Bottom line when it comes to dairy animals, regardless of the desire to sell low-fat milk, removing fat from the milk at the cow eliminates so much of the milk’s potential value only a moron would consider actually trying to keep doing it. Now, finding out why her milk contains more Omega-3 oils might be worthwhile to someone (not me). But I don’t see any value to soft cold butter... they’d probably hydrogenate it to make it hard! No, Marge is the next best thing to useless and I would have had her ground into hamburger, myself.


Monday, May 28, 2007

Memorial Day Action!

Memorial Day, a day to commemorate those who gave their lives in defense of our way of living. I guess we mainly see it as the first real holiday of the summer.

I just wanted to spend the day relaxing, but someone decided to ruin my day by hijacking my Internet Explorer. Luckily it is just on one computer. Why would someone do something so meaningless as that??? They can't possibly get anything out of it. The computer gets redirected to a page that doesn't even work, so if they were looking for hits, it just didn't do a thing for them.

I saw Emeril do a recipe the other night that I adapted for "LOWER CARB" ... I can't call it exactly low carb, but it sure looked good. The recipe is Ginger and Guava glazed ribs. I couldn't find low-carb guava jelly, so mine is Ginger and Apricot glazed ribs, but it's still true to the original Emeril idea. Mainly, it is ribs with a terrific dry rub baked at low heat, tightly covered in a pool of tequila! Once they are done, you cover them with this awesome lime, tequila, and Guava [ or Apricot] glaze and broil them for a few minutes. YUM! Emeril's original recipe is on the food channel site. I substituted Sugar Free Smucker's Apricot Jam for the Guava Jelly and Splenda for the sugar. I also used a single slab of full sized ribs instead of the baby back's because they were 4 times as expensive as the regular ones (and I'm nothing if not cheap!) I also used totally el-cheapo tequila for cooking. Emeril used Cabo Wabo, but then Sammy Hagar sent him a whole case to use for free. I'd use Cabo, too, if someone were sending me cases for free. LOL.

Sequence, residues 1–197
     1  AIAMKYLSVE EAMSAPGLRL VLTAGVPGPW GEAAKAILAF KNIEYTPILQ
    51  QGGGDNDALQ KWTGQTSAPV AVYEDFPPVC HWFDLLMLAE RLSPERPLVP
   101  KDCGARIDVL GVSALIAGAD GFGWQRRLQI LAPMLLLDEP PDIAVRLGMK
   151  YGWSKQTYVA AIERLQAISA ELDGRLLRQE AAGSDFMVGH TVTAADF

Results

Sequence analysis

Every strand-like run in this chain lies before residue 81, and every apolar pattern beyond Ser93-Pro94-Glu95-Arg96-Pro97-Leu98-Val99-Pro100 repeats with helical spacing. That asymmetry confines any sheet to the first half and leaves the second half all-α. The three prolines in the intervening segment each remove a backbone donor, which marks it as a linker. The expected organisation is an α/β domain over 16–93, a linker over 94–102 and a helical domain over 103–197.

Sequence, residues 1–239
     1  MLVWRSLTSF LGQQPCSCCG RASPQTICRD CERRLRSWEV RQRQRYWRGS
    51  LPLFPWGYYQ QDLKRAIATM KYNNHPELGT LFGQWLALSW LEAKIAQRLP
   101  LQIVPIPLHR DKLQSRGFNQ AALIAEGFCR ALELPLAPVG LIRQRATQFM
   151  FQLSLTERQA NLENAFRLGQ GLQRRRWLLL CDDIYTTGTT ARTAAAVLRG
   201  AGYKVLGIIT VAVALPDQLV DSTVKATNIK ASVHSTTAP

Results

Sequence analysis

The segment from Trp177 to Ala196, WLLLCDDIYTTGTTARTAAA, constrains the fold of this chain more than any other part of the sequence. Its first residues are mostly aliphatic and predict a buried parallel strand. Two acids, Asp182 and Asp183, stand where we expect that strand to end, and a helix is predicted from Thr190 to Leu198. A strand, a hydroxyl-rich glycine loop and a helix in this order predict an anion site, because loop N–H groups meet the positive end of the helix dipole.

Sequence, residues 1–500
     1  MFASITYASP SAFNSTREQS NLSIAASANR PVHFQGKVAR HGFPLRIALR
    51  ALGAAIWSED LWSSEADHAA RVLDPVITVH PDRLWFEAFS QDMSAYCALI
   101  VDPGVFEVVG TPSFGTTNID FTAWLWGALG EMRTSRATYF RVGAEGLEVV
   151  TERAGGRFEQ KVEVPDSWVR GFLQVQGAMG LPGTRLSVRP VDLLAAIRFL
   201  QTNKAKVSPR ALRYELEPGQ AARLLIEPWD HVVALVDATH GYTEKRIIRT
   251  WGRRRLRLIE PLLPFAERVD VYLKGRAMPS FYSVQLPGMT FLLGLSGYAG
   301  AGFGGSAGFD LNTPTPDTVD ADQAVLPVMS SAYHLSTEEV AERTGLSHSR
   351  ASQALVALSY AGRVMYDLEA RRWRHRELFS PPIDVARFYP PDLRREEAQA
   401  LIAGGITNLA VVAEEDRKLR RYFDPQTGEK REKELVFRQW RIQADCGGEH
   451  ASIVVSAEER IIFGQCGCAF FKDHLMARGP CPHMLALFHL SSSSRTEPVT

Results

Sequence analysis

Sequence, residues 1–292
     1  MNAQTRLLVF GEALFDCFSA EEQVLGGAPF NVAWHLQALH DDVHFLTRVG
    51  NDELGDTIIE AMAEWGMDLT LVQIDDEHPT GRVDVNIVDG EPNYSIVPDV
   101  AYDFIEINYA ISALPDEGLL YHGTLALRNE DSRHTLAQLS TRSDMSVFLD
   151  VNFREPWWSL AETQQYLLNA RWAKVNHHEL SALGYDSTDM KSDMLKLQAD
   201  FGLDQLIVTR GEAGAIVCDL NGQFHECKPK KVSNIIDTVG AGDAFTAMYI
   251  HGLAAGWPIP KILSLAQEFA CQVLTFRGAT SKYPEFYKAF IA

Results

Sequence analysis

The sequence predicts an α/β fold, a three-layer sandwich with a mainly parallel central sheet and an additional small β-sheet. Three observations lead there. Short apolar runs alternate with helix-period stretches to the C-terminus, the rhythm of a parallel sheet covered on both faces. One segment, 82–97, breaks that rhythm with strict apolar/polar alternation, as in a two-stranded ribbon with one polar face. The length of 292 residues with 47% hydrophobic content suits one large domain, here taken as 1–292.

I also made a great pasta salad to go along using Dreamfields pasta, of course. It has thin slices of summer squash and zucchini, tomatoes, and a whole pound of my homemade goatmilk cheese in it, with oil and red wine vinegar, and a bunch of my fresh herbs.

Sammy, if you ever read this, I have a proposition: I'll send you homemade goatmilk cheese, soap, and lotion for a year, if you'll send me a case of your Tequila!

Tuesday, April 17, 2007

About my Diet

One thing I haven’t written about me is that I live on an operating farm. We raise meat goats, dairy goats, laying hens, and rabbits. We also have many friends who raise cattle, and hogs. I am kind of picky (OK, almost militant) about the kind of things fed to animals meant for food, so that’s part of the reason I raise the animals I do, and I purchase beef and pork from my friends. I know full well what is in their feed. I know they haven’t been pumped full of antibiotics, or hormones and they haven’t been fed chicken poop! I detest processing chickens, so I still purchase “grocery store” chicken, but that isn’t a staple of my diet like it is some folks. I also eat vegetables pretty much only when they are in season and available from local farms. I support my neighbors! I do have a very large greenhouse and could grow salad fixings year round, but it’s being used mainly as a storehouse for stuff. My husband and I keep meaning to clean it out... But we both have day jobs, and we run a home based business (making skin care products from goat milk) in our “spare time” [HA].

So, eating low carb is probably a little easier (maybe cheaper) for me than it is for some folks. I also make my own cheese, and lately I have been experimenting with exotic sausage variations. Good food is fun!


Monday, April 16, 2007

Some Things are Obvious! (especially to the VICTIMS)

Why do people NOT stick to the Low Carb Diet once the weight is gone?

One of the most omnipresent criticisms of the LC diets is that “nobody can do it long term,” Personally, I have to take issue with that statement, but nonetheless, just in the last 2 weeks I have seen this statement attributed to innumerable doctors, nutritionists, and researchers; particularly since the Stanford research results were released. Even those “experts” who are willing to admit that low-carbing works to shed excess weight and improves blood lipid profiles always seem to be adding the comment “in the short term” to the end of its praises.

I don’t know about you, but I have seen a whole lot more people start and stop other diets, whether they were successful at losing weight or not, than just those on low-carb. But I digress. Those of us who live a low carb lifestyle (which by definition is not short term) are fighting an uphill battle that the low fatties, and lo-cal dieters never had to fight. They are not being bombarded by so-called “experts” warning them that they are damaging their kidneys (a myth), destroying their hearts (a myth), eating too much fat and protein (misinformation born of ignorance), and missing out on essential carbohydrates (no such things). Their doctors are not trying to dissuade them from eating low fat or reduced calories, but we have to search out doctors that are even willing to consider that we aren’t killing ourselves by eating low carb.